The fish market

Not long after moving here, I stumbled upon a gem tucked in some back alleys and warehouses near Nagoya Station. I’ve been around Seattle long enough to know what it means when you see men running around in rubber boots and carrying Styrofoam boxes full of ice: it must be a fish market. After a few days of walking past and trying to catch a glimpse inside, I finally worked up the courage to venture into the fray. Hanging around Pike Place Market in Seattle doesn’t prepare you for the utter chaos that is a high-volume wholesale fish market in Japan. Restaurant buyers are placing huge orders, men are carving tuna with 3-foot-long “knives”, and orders are being rushed to and from trucks on speeding carts.

Visits to this morning market have become a real treat for me over the past six months. I always make a point of taking visitors there, since it is such an “authentic” experience. I’ve grown from being too nervous to check it out to becoming a regular customer… I even have “my guy” that always gives me a discount on a small package of tuna from that day’s fish. I love it.

Today I visited the market with my camera in hand, hoping to capture some of the experience in order to share it with you. Warning: there are a lot of dead animals in the following blog post. Sorry, that’s just the way it is.
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Fire, birds, and boats (or, how to go fishing)

When I was little, my favorite book in the whole world was “The Story About Ping.” It was the best kind of children’s story: a tale full of mystery, suspense, loss, redemption, and of course a happy ending. Ping is a young duckling who gets separated from his flock on the Yangtze River and encounters all kinds of strangers on his big adventure. In one scene, he meets strange black diving birds that are catching small fish for the handler on the boat. This was such an unusual idea that I became intrigued by these exotic fishing birds.

Fast-forward twenty-some years and here I am in central Japan where, much to my delight, cormorant fishing has been practiced on local rivers for over 1300 years. Seeing this spectacle (and fulfilling a childhood fantasy) immediately made my to-do list.
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Kamikochi and the rainy season

This is the continuation of the tale of our weekend adventure in the Japan Alps. In case you missed it, you can find part one linked here. We began our trip into Kamikochi with the requisite bus ride from the overnight parking lot. The light rain from overnight had turned into a steady drizzle, but we were not to be dissuaded. After all, we’re from Seattle – what could the rainy season possibly have on us?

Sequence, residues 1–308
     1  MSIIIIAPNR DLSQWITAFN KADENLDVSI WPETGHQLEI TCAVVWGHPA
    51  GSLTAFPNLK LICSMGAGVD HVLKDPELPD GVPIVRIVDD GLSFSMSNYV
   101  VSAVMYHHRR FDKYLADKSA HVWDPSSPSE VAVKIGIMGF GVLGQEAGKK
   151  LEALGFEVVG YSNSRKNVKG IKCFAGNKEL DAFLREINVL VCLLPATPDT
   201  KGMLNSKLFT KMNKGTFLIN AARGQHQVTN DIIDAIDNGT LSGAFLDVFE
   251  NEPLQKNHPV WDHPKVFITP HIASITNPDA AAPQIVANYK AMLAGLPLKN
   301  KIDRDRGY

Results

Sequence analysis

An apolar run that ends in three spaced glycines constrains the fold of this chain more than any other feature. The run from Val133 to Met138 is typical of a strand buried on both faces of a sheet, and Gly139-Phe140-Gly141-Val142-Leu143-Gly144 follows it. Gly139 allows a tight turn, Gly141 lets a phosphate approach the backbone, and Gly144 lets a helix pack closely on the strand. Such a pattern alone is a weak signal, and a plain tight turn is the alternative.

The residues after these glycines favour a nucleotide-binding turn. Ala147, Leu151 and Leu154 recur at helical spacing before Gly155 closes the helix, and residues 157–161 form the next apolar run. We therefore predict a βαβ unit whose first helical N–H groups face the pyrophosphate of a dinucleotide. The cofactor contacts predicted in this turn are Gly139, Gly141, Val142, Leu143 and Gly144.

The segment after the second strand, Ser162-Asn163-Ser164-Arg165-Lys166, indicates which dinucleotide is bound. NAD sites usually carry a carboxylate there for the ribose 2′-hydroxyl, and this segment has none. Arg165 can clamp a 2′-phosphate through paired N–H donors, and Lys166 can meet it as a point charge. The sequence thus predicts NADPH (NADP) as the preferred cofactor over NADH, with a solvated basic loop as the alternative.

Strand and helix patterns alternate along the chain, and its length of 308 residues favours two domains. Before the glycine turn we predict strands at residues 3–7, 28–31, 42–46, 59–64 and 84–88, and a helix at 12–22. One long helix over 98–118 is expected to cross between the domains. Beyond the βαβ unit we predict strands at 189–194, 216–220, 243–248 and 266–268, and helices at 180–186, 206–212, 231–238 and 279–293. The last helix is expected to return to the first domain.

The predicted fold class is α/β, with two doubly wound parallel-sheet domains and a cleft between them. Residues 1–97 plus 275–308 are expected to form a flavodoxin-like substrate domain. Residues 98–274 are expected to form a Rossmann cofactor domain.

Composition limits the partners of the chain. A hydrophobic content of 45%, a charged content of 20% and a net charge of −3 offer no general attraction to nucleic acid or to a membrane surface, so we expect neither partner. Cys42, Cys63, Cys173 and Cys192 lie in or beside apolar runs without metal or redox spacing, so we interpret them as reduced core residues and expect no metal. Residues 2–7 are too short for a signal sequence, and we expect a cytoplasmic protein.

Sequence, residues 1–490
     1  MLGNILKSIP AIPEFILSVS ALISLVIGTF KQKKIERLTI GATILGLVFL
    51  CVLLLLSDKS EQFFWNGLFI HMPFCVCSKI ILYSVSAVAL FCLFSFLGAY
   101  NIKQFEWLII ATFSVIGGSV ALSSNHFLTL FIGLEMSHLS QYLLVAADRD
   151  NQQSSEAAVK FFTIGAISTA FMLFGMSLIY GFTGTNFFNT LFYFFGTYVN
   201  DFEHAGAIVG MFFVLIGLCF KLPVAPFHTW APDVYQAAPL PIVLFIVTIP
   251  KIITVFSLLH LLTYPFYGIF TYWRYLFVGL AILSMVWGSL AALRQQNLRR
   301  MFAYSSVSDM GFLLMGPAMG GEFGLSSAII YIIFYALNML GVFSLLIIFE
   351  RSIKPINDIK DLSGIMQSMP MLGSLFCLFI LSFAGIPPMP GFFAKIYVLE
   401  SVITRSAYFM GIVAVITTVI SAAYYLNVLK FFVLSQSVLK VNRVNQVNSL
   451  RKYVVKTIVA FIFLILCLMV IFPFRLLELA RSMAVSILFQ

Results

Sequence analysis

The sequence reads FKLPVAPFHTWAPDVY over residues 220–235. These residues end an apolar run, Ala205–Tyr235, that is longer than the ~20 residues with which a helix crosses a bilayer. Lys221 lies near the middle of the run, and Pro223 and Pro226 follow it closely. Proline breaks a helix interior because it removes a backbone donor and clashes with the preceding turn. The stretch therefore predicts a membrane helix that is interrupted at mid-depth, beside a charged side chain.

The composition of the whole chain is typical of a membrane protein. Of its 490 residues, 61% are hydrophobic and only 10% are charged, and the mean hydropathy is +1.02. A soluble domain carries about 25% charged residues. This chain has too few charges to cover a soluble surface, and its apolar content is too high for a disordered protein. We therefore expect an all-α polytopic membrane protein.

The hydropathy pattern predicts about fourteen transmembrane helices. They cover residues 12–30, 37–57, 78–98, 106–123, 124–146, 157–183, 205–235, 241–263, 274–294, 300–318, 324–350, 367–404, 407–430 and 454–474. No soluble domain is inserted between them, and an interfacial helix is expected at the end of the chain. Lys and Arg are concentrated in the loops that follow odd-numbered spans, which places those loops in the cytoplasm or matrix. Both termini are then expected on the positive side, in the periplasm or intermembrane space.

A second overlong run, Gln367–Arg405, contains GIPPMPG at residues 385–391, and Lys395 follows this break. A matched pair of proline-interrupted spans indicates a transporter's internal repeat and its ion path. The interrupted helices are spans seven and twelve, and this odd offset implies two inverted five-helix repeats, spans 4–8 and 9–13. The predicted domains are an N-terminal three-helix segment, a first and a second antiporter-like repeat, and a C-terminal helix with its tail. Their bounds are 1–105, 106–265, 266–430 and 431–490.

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Road Warriors

We finally felt courageous enough to rent a car and venture onto the roads. Okay, I guess it was just me that was reluctant, as Joe wasn’t the least bit concerned about the whole “wrong side of the road” thing. Truthfully, I wasn’t at all nervous about heading out into the country, either… it was the pedestrian dodging and right-turn arrows and one way streets of downtown Nagoya that had me in a cold sweat. Nevertheless, this weekend was our introduction to Japan from behind the wheel and I must say that it completely changed my perception of this country – yet again. I finally got to see the back roads and lesser traveled stretches that, in reality, occupy far more land area than the cities and congestion do. It was beautiful.
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Fast food and guilty pleasures

The food in Japan is very, very good. No two ways about it. When you have a culture that prides itself on attention to detail and has an appreciation for only the freshest ingredients, the only possible result is delicious food. On the other hand, the food in Japan can be very, very expensive. There are times when I don’t feel like cooking but also don’t feel like breaking the bank at a restaurant… so we take those opportunities to hit the local fast food joints. I’m only a little ashamed to admit that I’ve become somewhat of a connoisseur of Japanese fast food. Continue reading

Giant salamanders and 48 waterfalls

For some reason, the vast majority of the rivers that we’ve encountered in Japan are lined in concrete. I understand that the city waterways need to be confined to canals, but why do the beautiful rivers up in the mountains need to be cemented into place as well? For someone who prefers the wilderness over the city, all that concrete can be exhausting – so we set out in search of something a little more natural. Continue reading